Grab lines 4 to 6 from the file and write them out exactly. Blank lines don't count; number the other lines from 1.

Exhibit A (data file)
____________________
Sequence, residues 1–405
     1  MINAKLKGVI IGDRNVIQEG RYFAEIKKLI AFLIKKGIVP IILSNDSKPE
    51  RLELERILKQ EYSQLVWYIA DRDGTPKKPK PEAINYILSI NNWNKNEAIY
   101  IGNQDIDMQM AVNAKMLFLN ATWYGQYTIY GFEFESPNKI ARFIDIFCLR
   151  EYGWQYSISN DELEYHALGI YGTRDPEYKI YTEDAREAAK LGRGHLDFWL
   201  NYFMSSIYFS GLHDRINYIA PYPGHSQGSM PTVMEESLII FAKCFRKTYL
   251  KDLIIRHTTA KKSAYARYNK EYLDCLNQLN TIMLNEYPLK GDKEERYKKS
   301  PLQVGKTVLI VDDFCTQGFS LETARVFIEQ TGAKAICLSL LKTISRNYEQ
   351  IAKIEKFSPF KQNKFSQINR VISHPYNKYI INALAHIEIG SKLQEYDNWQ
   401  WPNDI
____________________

   101  IGNQDIDMQM AVNAKMLFLN ATWYGQYTIY GFEFESPNKI ARFIDIFCLR
   151  EYGWQYSISN DELEYHALGI YGTRDPEYKI YTEDAREAAK LGRGHLDFWL
   201  NYFMSSIYFS GLHDRINYIA PYPGHSQGSM PTVMEESLII FAKCFRKTYL